Blake Lively feels her way around All I See Is You
Blake Lively acts blind, sings and does nudity for All I See Is You
In order to play a blind person in her new movie All I See Is You, Blake Lively drew inspiration from one of her "dearest friends", who is visually impaired.
At the Four Seasons hotel in Beverly Hills, the 30-year-old US actress said: "He experiences things on a much deeper level than I do. He is so much more in tune with other things that I do not even think about, because I am taking everything at face value.
"There is something incredibly valuable about experiences that you have without just relying on your eyes to tell you the truth."
In the psychological thriller directed by Marc Forster (World War Z, Quantum Of Solace), which opens here tomorrow, Lively's character Gina has an almost perfect marriage with husband James (Jason Clarke) even though she has been blind since childhood due to a car crash.
The couple live in Bangkok, where she recovers her sight with a corneal transplant.
But a joyful thing like that turns into something more sinister, as James becomes threatened by the loss of Gina's dependence on him.
To prepare for All I See Is You, Lively - who has two daughters, James, two, and Ines, one, with Canadian actor-husband Ryan Reynolds - had to wear custom-made contact lenses that "took away" her sight.
She said: "What was crazy was that I had to keep upping the level, because even though they created complete blindness, my eyes would adapt through it and fight through, and we would have to create thicker and thicker lenses.
"Because of that, you have to be so much more aware of textures and sounds.
"When speaking with someone, what you do is take social cues. You hear someone's voice and adjust your face there rather than putting your ear there.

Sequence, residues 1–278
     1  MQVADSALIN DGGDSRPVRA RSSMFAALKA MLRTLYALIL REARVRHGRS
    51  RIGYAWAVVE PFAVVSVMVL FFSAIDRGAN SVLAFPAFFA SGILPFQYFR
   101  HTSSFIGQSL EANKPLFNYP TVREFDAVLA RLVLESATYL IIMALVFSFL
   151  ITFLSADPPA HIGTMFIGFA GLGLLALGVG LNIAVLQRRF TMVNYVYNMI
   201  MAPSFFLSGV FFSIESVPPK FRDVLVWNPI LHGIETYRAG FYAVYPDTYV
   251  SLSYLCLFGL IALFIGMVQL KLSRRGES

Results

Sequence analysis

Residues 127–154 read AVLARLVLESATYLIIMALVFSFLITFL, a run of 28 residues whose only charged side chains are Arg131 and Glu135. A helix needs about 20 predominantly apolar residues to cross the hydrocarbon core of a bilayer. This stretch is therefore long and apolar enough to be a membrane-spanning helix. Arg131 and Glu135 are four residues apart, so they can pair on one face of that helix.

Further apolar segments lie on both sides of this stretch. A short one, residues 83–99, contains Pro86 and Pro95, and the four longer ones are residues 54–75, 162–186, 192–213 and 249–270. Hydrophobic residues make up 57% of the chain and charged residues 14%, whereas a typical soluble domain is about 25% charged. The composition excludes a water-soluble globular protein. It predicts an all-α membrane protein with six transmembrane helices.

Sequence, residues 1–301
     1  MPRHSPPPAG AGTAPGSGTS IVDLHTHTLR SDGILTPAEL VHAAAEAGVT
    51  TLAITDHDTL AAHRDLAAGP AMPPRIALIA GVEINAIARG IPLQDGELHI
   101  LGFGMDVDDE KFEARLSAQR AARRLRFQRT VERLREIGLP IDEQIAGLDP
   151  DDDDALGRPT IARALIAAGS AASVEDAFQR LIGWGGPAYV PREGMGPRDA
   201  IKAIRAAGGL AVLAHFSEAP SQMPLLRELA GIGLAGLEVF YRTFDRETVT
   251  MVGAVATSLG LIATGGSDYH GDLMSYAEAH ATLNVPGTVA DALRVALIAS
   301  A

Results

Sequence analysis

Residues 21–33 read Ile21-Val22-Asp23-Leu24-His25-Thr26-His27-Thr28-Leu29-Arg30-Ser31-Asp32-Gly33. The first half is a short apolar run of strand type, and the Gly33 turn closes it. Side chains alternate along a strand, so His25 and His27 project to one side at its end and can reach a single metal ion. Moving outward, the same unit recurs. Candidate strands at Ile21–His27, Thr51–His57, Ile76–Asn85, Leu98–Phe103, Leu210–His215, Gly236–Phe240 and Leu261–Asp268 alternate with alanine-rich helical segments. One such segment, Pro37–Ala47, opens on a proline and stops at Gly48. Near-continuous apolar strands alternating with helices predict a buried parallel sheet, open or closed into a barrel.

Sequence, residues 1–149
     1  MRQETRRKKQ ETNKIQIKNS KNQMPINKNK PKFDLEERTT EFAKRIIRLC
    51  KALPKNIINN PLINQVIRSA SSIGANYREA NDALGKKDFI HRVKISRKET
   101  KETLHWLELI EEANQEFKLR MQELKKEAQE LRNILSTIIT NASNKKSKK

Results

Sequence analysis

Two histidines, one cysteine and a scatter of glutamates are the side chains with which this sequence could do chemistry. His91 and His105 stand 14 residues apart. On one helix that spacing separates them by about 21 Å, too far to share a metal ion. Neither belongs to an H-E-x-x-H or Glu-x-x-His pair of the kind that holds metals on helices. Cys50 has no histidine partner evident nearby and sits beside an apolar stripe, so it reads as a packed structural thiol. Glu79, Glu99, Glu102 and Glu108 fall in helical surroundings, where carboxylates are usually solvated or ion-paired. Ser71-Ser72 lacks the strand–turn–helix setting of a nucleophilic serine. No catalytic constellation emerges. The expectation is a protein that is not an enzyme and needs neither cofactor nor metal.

"So there are all of these little nuances that were really important for me to get.
"But it is hard acting in a scene when you cannot look your co-star in the eyes because it is such an emotional thing when you are in a scene with someone."
How do you pick your roles?
It usually is me reading a script and saying: "Oh, I cannot do this, this is too hard." So I have to do it. I normally like to find a character that challenges me and something that I have never done before. I look for nice people too, because sometimes that is more rare than you think.
With this film, it was four months after I gave birth to my (first) daughter, and Jason had a baby with the same name, a boy who was born two weeks after. So he was so understanding and caring, and it was nice to have that.
What appealed to you about All I See Is You?
I cannot sing to save my life, and I sang in this movie. I was blind in this movie.
And I did nudity for the first time, and so it was all of these firsts for me.
It was stepping out of my comfort zone in so many ways because I think it is important to challenge yourself.
How did you deal with the nudity?
The people I work with almost did not send me the script because they said: "We know you would not do that." I said just send it to me because I can just talk him (Forster) out of the nudity part (laughs).
So I read it and I loved it. When Marc described it, he said this is a woman who, when she lost her sight, was not developed in any way. She gets her sight back and suddenly her body is that of a woman. The last time she could see, she was a little girl. Her husband has been able to see this, and now it is time for her to see it and to enjoy and appreciate it.
It is a movie about seeing something for the first time, so you have to see it (the nudity).
What was interesting to me is that in the first scene, they are making love and we are seeing something on her - as an audience - that she has never seen. There is something that feels both beautiful and (yet) gets you in your gut a little bit... that was powerful to me.
What are your thoughts on the sexual assault allegations that are roiling Hollywood right now?
I think that power gaming is in every industry and I think that is something that is important to acknowledge. There is awareness and there is conversation now. It does not matter if you are working in a grocery store or starring in a movie - there is really despicable behaviour that happens.
As a woman, it is something you often think: "Oh, that is just what happens and I am not going to report that, because that is just the way that it is." Something very small, like cupping your butt or making some comment. Unless it is on a greater scale.
But as a mother of two daughters, I am so happy that there is been such an awakening and people are finally speaking out.